Technology gives criminals a free hand to prey on unwary

Victims of phishing emails often only discover they have given their details to fraudsters when their account has been raided. Photograph: PA

Victims of phishing emails often only discover they have given their details to fraudsters when their account has been raided. Photograph: PA

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New figures show that the proportion of financial fraud being prevented has fallen.

Around £6.40 in every £10 of attempted fraud was stopped in 2016, representing incidents being detected and prevented by banks and card companies. This compares with £7.01 in every £10 in 2015. The figures come from Financial Fraud Action UK (FFA UK), which fights fraud on behalf of the financial services industry.

What’s behind the decrease?

FFA UK says this is largely due to criminals shifting their tactics to target consumers directly, making it very hard for firms to stop them. This can result in the victim inadvertently handing over their personal details such as their password or Pin directly to a fraudster, or even transferring money straight into a criminal’s bank account.

So how do criminals go about these scams?

Unsolicited emails, texts and phone calls purporting to be from a legitimate organisation are common methods used. Intelligence seen by FFA UK suggests that, in particular, criminals are increasingly using “phishing” emails which appear to be from major retailers or internet companies. People responding to these emails can be tricked into giving away their details, or into downloading malware.

Old-fashioned distraction thefts and card entrapments at ATMs are also something to watch out for.

Sometimes people are phoned out of the blue by a fraudster pretending to be from a legitimate organisation such as a bank or the police and persuaded to transfer money into a “safe” bank account after being told that their existing account has been compromised.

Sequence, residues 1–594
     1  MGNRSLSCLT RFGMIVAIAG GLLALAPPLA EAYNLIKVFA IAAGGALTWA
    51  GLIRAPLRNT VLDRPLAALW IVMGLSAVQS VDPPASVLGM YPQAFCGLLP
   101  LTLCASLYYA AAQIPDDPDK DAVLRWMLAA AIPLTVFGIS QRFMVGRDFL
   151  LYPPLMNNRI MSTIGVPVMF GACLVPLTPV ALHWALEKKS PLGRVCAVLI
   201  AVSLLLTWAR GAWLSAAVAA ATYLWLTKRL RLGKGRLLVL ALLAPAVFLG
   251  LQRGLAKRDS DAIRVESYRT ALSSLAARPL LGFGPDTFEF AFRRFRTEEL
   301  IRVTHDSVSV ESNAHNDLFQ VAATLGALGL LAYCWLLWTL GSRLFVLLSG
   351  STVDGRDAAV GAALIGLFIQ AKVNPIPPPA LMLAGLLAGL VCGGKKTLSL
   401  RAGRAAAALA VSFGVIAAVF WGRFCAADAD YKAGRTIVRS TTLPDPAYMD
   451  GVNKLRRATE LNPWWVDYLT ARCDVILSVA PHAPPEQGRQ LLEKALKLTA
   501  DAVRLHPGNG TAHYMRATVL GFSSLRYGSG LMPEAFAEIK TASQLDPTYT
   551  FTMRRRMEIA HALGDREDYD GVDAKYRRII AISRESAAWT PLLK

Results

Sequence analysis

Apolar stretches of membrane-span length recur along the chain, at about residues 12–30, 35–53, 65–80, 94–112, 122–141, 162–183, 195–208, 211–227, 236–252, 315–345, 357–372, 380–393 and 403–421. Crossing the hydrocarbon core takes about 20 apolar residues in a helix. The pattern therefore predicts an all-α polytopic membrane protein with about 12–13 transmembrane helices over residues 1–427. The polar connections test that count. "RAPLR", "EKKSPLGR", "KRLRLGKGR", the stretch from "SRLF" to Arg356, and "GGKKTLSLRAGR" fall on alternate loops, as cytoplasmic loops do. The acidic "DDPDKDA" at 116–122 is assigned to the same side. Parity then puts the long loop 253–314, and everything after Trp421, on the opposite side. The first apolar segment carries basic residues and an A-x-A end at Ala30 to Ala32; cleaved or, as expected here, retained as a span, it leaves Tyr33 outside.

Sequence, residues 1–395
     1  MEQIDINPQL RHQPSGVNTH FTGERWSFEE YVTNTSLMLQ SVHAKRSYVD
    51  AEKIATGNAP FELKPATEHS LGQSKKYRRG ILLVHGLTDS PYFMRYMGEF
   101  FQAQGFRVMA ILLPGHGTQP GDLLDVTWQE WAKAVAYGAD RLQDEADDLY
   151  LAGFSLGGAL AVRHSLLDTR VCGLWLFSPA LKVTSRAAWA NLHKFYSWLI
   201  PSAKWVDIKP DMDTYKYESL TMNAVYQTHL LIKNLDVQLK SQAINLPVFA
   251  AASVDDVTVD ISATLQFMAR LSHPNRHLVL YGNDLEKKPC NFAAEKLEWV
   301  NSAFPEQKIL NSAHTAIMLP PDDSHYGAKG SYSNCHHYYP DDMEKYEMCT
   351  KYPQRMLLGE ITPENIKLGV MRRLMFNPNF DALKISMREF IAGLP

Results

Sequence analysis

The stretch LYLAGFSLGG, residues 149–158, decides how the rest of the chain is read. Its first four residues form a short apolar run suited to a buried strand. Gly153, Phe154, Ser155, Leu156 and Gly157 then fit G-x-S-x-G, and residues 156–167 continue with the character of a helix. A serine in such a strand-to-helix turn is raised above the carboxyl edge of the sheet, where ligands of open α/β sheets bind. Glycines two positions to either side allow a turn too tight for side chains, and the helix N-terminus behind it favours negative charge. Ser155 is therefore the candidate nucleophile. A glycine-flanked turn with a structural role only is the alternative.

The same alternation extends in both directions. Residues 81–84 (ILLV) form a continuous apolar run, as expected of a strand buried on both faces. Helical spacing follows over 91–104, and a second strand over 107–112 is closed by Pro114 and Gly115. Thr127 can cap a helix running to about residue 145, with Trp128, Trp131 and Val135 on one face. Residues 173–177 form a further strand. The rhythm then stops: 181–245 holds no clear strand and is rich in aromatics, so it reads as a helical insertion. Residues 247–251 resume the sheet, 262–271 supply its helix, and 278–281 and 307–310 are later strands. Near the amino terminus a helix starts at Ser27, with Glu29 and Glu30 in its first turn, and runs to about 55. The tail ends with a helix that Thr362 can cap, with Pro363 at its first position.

What are the scams most likely to catch people out?

As the industry works to warn people about scams, NatWest has released a list of common scams.

The top five are:

1. Goods not received – you pay for goods or services, but they never turn up.

2. Advance fee fraud – you’re asked to pay up front for goods, services or financial gains that do not materialise.

3. Spoof payment requests – you receive a fraudulent request, purporting to be from someone senior in a company or a client, for money.

4. Invoice fraud – you are tricked into believing an invoice is from a trusted trading partner, when it is in fact from a fraudster.

5. Holiday scam – you book a holiday, usually online, to find out it does not exist.

What is the industry doing to combat scams?

Initiatives include a national awareness drive led by FFA UK called Take Five, which encourages people to pause for thought before handing over like their personal details or money (takefive-stopfraud.org.uk).

National Trading Standards also has a campaign called Friends Against Scams. More information can be found at www.friendsagainstscams.org.uk.

And HSBC recently outlined plans to become a more “dementia-friendly” bank by improving products and services. A guide to help customers living with the condition and susceptible to being hoodwinked, and those who support them, is being piloted in 10 HSBC branches, giving tips on keeping track of spending and protecting against fraud.

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